Reusse's Reality: Lemaire as a miracle man
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This is 10th anniversary of Game 3 of the Wild-Vancouver series in the second round of the 2003 Stanley Cup playoffs. The Wild came home tied with the Canucks at one win apiece, and lost that night in St. Paul.
The final was 3-2, in as tight of a defensive game as you will see. The Canucks scored three times on 13 shots; the Wild scored twice on 18 shots.
The Wild also lost Game 4. This came several hours after the Canucks' Todd Bertuzzi taunted Wild fans who were standing in line at the Xcel Energy Center to buy tickets for a potential Game 6.
Bertuzzi's message, that there wouldn't be a Game 6, proved inaccurate. The Wild stayed alive with a Game 5 win in Vancouver, came home to win Game 6, and then upset the Canucks in Game 7 to advance to the Western Conference finals vs. Anaheim.
A decade later, we remain amazed that coach Jacques Lemaire's club - a couple of standouts and a collection of journeymen - were able to come back from 3-1 deficits to upset Colorado and Vancouver.
Yet, the reminder for me in looking back at the Wild's single notable season is this: It wasn't so much the improbability of the playoff run, but what had come before that we should find amazing.
The regular season started with a 20-year-old Marian Gaborik as the Wild's star, and bunch of forwards who either had been around the block, or were more suspects than prospects.
Gaborik was fully healthy and played 81 of the 82 games. He scored 30 goals and led the team with 65 points. After that the forwards used all season were Pascal Dupuis (20 goals, 48 points), Cliff Ronning (17, 48), Andrew Brunette (18, 46), Sergei Zholtok (16, 42), Wes Walz (13, 32), Antii Laksonen (15, 31), Jim Dowd (8, 25) and Richard Park (14, 24).
It was a feisty group for sure, but not exactly a lineup that figured to wind up as the sixth seed in the difficult Western Conference.
Willie Mitchell was 25 and an outstanding defender. He played through injuries during the regular season, and again during the playoffs.
As with the forwards, the rest of the blue-liners were feisty but far from star caliber. The most-used of the group was Nick Schultz, only 21 and ultra-defensive.
Which is the way the Wild played it that season: trapping, keeping the shooters on the outside and relying on the outstanding play of the rotating goalies, Dwayne Roloson and Manny Fernandez.
It's no longer the upsets of Colorado and Vancouver that surprise me the most in reflecting on the 2002-03 Wild. Anything can happen in the playoffs, because anything can happen in a sport where the teams are basically playing to 3.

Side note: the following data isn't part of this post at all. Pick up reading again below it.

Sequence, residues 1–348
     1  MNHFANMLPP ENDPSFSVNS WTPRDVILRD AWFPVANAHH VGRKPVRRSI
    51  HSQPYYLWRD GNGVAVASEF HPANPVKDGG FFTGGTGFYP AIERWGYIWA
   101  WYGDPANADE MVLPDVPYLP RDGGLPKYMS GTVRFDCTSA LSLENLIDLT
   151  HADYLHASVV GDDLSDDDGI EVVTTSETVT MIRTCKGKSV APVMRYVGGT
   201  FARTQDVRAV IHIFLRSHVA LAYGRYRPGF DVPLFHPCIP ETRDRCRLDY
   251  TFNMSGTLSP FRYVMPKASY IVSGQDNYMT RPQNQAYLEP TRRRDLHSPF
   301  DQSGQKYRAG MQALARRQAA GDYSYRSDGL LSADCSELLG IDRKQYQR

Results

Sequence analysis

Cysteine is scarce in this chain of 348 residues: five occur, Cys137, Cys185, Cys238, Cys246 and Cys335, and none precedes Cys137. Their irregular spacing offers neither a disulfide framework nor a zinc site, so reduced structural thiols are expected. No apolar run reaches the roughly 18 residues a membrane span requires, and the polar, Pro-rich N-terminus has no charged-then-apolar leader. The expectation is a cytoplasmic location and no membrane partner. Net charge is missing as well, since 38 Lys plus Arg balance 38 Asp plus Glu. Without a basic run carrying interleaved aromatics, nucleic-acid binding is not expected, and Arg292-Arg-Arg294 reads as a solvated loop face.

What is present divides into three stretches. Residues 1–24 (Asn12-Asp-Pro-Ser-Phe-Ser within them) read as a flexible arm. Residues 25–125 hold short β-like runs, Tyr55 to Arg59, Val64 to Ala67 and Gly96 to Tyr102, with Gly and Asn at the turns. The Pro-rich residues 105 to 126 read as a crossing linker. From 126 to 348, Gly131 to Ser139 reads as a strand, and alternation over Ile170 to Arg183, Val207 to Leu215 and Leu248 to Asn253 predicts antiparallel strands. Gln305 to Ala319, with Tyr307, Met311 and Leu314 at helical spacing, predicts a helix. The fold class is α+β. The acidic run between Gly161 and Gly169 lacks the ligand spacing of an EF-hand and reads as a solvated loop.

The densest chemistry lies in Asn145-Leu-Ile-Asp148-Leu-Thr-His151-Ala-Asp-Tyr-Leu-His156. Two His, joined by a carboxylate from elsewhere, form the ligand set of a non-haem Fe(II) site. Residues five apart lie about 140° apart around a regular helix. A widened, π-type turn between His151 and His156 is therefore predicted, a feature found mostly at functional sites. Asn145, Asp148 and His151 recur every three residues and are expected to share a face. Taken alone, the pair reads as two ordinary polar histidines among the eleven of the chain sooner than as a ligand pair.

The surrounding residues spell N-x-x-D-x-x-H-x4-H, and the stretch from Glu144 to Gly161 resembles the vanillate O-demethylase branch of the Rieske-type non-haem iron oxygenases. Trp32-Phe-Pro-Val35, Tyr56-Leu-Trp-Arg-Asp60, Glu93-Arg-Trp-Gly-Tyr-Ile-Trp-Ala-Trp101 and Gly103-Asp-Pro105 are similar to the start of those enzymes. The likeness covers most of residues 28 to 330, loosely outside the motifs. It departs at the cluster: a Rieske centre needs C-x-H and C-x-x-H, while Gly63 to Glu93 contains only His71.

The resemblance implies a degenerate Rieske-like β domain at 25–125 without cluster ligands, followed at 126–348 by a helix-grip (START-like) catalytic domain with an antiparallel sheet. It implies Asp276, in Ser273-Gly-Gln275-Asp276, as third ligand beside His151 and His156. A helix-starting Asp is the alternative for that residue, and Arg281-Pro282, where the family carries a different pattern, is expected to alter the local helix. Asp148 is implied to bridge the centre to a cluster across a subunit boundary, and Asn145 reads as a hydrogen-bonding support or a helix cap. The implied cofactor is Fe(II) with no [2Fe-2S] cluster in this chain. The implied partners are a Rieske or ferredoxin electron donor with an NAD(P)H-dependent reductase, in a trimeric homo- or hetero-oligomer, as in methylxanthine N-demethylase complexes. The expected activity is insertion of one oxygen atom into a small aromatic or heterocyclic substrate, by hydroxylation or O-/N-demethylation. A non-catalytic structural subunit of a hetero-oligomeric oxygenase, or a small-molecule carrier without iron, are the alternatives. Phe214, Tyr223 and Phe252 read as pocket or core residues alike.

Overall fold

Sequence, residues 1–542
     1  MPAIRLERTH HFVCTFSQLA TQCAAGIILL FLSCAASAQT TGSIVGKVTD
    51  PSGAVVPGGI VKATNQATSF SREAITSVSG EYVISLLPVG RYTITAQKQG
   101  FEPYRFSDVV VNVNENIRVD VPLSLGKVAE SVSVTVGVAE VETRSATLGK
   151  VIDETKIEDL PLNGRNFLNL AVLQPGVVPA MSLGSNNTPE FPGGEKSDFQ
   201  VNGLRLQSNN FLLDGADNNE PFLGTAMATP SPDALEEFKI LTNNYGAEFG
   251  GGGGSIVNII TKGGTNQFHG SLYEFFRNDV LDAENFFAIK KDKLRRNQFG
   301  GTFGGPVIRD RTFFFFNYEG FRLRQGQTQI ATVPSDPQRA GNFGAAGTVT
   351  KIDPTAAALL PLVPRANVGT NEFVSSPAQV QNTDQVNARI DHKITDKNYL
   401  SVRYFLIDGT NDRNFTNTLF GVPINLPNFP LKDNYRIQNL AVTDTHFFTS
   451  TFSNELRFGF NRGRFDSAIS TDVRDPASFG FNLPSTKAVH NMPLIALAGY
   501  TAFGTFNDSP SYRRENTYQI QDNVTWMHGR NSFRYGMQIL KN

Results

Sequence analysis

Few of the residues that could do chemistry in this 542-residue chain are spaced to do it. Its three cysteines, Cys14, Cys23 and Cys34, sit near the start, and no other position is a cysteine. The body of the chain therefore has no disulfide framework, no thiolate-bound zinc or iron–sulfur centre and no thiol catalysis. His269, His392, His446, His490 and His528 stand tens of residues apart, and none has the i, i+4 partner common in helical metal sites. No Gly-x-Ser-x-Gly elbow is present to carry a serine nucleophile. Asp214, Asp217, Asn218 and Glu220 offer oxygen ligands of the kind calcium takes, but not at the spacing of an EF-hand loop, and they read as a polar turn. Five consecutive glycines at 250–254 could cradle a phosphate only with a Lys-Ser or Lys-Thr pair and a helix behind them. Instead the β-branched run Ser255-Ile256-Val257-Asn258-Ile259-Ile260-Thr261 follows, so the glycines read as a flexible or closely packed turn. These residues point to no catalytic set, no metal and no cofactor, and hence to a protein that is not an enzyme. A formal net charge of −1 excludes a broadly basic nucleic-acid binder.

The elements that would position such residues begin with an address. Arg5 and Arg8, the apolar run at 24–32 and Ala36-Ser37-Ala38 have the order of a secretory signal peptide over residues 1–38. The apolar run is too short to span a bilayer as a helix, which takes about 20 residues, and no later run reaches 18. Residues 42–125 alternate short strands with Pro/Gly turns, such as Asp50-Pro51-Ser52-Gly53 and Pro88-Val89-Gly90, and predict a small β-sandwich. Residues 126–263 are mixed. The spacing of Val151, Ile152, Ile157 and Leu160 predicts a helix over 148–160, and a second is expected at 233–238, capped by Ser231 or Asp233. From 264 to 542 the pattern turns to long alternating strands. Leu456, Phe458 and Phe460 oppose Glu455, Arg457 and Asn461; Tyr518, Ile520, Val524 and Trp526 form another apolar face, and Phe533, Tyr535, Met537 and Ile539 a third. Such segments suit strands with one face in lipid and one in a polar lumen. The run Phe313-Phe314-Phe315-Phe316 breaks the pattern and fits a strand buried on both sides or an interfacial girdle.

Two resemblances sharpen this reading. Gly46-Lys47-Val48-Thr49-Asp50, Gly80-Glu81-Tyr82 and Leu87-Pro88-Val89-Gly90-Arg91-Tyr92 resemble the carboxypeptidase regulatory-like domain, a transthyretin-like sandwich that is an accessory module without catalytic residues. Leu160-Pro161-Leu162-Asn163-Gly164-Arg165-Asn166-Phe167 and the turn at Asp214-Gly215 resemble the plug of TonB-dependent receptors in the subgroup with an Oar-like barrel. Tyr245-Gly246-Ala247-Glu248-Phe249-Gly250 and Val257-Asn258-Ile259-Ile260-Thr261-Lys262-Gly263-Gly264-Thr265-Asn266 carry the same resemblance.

That's my theory, and the NHL playoffs prove its validity on an annual basis. For instance:
We all knew that Milwaukee had no chance vs. Miami in the first round of the NBA playoffs, since the Heat entered the playoffs as clearly the best team in the league.
We also know that the current Wild does have an outside chance vs. Chicago in the first round of the NHL playoffs, even though the Blackhawks enter the playoffs as clearly the best team in their league.
It's hockey. Get a bounce, get a great play from Parise or Coyle or Suter or Brodin for a tie-breaking goal in the third period, steal one of the first two games in Chicago, the pressure shifts to the heavy favorites, and anything can happen.
The best teams in hockey are revealed over a full 82-game season, or even a 48-gamer such as in 2013. Once the playoffs start, it's not exactly a coin flip, but it's close.
This is the real reason I believe Lemaire's work in 2002-03 season was the greatest ever for a pro coach in Minnesota's major league era (from 1961 to today):
Those Wild - Marian, Willie and the Ragamuffins - finished with 42 wins, 29 losses, 10 ties and one overtime loss for 95 points.
To clarify: only one bonus point was added to the Wild's total for a loss. There weren't shootouts, so there were no bonus points available for that silliness.
Tom Kelly gets a lot of credit for taking that flawed collection of Twins in 1987, getting them through a mediocre AL West, and then winning the World Series. But the most-incredible coaching we've seen with a Minnesota pro team was Lemaire getting 95 points for the 2002-03 Wild.